No matter if you’re just starting in digital transformation, switching careers, or you’ve had years of experience, you will want to write a strong personal statement that highlights your skills and experience. 

This is one of the only parts of your resume that may not include bullet points. Typically, a summary is a short paragraph. You may end up leaving out a summary altogether if you submit a cover letter to the job application. 

2. Experience

Next, in bullet point format, list out the work experience you’ve built up since you started in the digital transformation industry. 

Stick to the main roles and responsibilities you completed. If you can, use similar roles and responsibilities that the current job you’re applying for needs. By aligning yourself with what they’re looking for, you’re more likely to hear back about setting up a job interview. 

If you’re new to the industry, then this is a great place to list any internships you’ve completed. Otherwise, focus heavily on the education and skills portion of the CV. And if you’re changing careers, but you have other work experience, be sure to describe any transferable skills in your bullet points.  

3. Education

When it comes to what to include in a CV, the education section is either a place to focus heavily on, or it’s a portion to brush over. 

That largely depends on your work history and experience. If you have plenty of years in the industry, then you can skim over your education. Instead, just list the name of the institution where you studied, along with the title of the degree and the year in which you graduated. 

If you are new to the industry and don’t have much work experience, then focus heavily on your education. Discuss the responsibilities and roles you’ve learned from your digital transformation courses. Try to align those with the job title’s roles and responsibilities as much as you can.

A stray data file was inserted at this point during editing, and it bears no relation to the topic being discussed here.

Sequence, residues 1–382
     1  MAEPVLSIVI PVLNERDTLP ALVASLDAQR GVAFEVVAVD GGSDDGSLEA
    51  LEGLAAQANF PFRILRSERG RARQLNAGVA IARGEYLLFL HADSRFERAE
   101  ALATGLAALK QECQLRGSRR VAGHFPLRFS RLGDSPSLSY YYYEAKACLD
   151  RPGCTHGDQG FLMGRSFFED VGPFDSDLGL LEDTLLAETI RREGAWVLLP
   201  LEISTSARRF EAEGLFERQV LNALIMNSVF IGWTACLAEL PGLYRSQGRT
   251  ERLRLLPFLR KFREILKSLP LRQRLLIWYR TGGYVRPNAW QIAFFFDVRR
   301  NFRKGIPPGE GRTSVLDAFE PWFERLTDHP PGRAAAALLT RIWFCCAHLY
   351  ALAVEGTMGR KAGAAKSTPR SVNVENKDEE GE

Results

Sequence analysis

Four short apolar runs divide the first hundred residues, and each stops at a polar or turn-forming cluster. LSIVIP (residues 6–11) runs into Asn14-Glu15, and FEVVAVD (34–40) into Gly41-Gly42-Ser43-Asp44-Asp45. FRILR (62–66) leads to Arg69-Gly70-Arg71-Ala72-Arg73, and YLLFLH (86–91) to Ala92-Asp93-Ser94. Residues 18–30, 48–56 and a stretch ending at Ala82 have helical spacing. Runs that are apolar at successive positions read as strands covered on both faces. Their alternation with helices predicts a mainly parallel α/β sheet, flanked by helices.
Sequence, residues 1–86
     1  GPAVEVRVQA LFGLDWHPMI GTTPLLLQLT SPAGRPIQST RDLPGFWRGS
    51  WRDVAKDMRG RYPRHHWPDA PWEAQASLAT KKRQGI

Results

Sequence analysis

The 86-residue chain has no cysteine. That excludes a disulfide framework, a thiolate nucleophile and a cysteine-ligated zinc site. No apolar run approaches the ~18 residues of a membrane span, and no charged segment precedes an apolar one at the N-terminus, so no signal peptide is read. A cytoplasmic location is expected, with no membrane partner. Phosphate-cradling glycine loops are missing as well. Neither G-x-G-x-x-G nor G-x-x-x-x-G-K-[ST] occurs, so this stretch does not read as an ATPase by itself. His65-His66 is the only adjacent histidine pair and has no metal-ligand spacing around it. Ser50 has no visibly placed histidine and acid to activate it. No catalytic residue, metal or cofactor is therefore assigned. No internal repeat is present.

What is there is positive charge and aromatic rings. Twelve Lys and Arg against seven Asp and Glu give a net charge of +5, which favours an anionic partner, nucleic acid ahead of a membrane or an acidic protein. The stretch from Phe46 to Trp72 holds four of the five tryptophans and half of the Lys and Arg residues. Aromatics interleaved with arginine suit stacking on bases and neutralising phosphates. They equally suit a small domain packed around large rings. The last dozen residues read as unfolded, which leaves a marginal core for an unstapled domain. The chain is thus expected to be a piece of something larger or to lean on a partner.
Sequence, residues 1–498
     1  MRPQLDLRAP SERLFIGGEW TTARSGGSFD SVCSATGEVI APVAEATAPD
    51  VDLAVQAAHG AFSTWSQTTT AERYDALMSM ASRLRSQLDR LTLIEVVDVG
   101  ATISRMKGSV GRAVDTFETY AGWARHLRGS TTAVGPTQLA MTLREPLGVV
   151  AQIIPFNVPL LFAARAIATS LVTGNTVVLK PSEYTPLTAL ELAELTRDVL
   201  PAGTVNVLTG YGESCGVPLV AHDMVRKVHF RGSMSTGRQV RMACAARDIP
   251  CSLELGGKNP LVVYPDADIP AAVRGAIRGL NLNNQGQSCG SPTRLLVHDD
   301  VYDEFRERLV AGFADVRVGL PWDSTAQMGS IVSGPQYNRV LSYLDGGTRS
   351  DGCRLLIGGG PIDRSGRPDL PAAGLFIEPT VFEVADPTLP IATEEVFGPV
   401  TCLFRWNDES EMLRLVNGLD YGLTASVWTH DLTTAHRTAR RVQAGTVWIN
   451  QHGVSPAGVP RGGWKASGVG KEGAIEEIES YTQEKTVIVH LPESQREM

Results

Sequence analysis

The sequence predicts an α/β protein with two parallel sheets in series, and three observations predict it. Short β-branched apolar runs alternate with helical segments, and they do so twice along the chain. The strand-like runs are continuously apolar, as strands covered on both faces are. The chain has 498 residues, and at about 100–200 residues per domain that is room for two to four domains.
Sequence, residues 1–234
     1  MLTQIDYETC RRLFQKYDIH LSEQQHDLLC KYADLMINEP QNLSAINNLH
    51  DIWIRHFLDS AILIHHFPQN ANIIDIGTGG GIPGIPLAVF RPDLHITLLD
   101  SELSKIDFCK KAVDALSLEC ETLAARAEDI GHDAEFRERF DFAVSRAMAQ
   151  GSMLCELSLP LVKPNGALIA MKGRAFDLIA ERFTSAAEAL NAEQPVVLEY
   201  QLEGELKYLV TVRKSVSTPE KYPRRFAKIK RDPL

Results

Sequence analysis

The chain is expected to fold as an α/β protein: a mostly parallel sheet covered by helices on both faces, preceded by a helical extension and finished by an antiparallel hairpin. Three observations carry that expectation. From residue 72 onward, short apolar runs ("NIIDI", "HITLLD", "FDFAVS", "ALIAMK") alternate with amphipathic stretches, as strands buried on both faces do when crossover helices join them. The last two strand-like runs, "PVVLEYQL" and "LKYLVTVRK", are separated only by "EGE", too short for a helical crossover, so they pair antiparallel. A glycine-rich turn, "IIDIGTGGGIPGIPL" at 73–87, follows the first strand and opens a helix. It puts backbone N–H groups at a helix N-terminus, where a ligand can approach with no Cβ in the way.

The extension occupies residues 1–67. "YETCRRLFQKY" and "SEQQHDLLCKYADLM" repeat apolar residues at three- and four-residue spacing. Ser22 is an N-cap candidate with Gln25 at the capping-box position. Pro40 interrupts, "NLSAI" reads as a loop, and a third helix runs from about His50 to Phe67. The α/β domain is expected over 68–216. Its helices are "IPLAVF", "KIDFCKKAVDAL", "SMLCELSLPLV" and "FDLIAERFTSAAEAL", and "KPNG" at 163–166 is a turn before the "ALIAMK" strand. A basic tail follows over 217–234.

4. Certifications

As with most answers to the question of, “what to include in a CV,” this one depends. If you have certifications relevant to the job, then add those. Otherwise, you may decide to focus more on other aspects of your CV instead of this section. 

Above all, don’t include certifications that don’t pertain to specific skills needed to complete the job in question. 

5. Digital Transformation Skills

Finally, end your CV with any skills you’ve learned throughout the years of studying and on-the-job training. 

As far as what skills to put on a CV, align this section with the job description of the position you’re applying for. If there are any skills that you are adept in that are needed for the job, then add those to the CV. This is also where tailoring the curriculum vitae comes in handy. 


What Are General Tips and Tricks for a Digital Transformation CV?

No matter what kind of job you’re applying for in the digital transformation industry, the same general tips and tricks apply when writing a CV: 


 A person typing on a laptop


Font Size

Your headlines, such as CV sections like “Experience” and “Education” should be larger than your body font. Consider 16 for section headings. Your subheadings, such as previous job titles or your institute should be in a slightly larger font than your body font. Consider a size 14 for these. 

Finally, keep the remaining body font in a size that’s large enough to read without being overpowering. A size 12 should work fine. 


Create the CV in a Word or a Google document. You can use a CV or resume template to make sure the formatting is correct. Keep all of the information to one to two pages. Any more than that, and the employer is likely to continue looking for other candidates. 

Use the Digital Transformation Roles and Responsibilities Appropriately

Use the digital transformation roles and responsibilities to your advantage when you can. As you tailor your CV to the application, use the job description and align your skills and experience with what they’re looking for.